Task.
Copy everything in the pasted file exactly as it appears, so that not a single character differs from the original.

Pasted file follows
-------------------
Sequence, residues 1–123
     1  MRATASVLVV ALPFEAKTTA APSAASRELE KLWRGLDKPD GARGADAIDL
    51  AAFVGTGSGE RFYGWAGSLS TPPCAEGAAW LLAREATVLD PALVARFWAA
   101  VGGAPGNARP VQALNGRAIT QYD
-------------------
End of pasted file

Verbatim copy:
Sequence, residues 1–123
     1  MRATASVLVV ALPFEAKTTA APSAASRELE KLWRGLDKPD GARGADAIDL
    51  AAFVGTGSGE RFYGWAGSLS TPPCAEGAAW LLAREATVLD PALVARFWAA
   101  VGGAPGNARP VQALNGRAIT QYD